The beauty staple I’m never without is Tata Harper’s Hydrating Floral Essence. It’s a spritz I use before applying a serum; it’s so refreshing. £63 for 125ml, cultbeauty.co.uk
My favourite building is the Thomas Jefferson-designed Rotunda on the Lawn at the University of Virginia, where my son is studying. America doesn’t have Europe’s incredible architecture, but Jefferson designed this building to have echoes of the Pantheon.
My favourite apps are Dark Sky, the best for weather, and Greenlight, which I’m using to teach my children about money and saving. It is really important to me that they learn how to budget from a young age.
The works of art that changed everything for me are my mother’s paintings. I would go into her studio when I was growing up and watch her transform a blank canvas. I also loved seeing her focus and the way she could turn it up if she had a commission; she had to earn a living and I appreciated her business side as much as the creative one.
When I need to feel inspired, I will always go on a hike.
The best bit of advice I ever received was from someone a year after Sam died, who said “you have to put your cape on first”. I’ve had to learn to look after myself and I think it’s hard – for women especially – to do that without feeling guilty. But there is more pressure on me now, as the single parent. I am carrying my family, and there’s a constant weighing, week by week, of what I need to make time for outside of work and my kids, whether that’s yoga, a nap, having fun with my friends. I’ve also learnt how valuable quiet time is. I can’t do it all.
The best gift I’ve given recently was an antique compass necklace to my eldest daughter, which I found through a dealer in Memphis. Some friends gave me one when Sam passed away and I like the idea that someone is guiding your direction. It is gold on a beautiful chain, and she wears it every day. danesroadantiques.com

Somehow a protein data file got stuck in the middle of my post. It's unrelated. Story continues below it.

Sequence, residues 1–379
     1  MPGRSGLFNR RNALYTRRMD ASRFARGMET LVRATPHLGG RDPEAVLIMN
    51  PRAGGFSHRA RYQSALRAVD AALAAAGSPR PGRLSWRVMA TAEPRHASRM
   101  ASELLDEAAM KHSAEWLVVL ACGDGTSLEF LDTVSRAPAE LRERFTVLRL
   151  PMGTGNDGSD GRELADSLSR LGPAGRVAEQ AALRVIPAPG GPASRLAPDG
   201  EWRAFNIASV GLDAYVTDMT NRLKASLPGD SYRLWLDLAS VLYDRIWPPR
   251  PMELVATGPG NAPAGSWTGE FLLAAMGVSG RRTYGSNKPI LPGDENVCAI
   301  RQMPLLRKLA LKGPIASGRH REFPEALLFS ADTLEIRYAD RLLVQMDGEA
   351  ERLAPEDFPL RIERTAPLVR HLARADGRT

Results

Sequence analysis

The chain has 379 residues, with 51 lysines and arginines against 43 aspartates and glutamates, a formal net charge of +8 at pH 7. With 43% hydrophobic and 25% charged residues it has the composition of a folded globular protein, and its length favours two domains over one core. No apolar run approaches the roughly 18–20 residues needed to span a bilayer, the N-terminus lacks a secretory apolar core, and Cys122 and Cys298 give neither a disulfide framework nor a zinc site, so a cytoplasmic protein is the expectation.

In another life I would have been an architect. I love details, especially interior details and proportions: how the mouldings relate, where the windows fall in a room, how tall they are, and so on. But I studied tax accounting at college.
The best souvenir I’ve brought home is a collection of four paintings by Lorenzo Cascio that Sam and I picked up at Lorenzo’s studio in Portofino. I fell in love with his work and wanted to buy this one tiny piece, but then he started pulling things out of his archive – that was the fun part – and I’ll never forget Sam and I standing in the piazza looking at these beautiful boats debating which pieces we could afford. They are hanging in our house and I love that memory.
My beauty and wellbeing gurus are Charlotte Hardwick, a naturopath and yoga instructor I’ve known for over 20 years – I have learnt so much from her and she now gives retreats here at the farm – and Dr Mark Hyman. There are many functional medicine doctors out there, but he’s one I really trust.
My favourite rooms in my house are my bedroom – it has great light and I love sneaking off there when the house is busy – and the dining room. It has beautiful de Gournay wallpaper and lots of memories of time around the table when you can linger, no interruptions.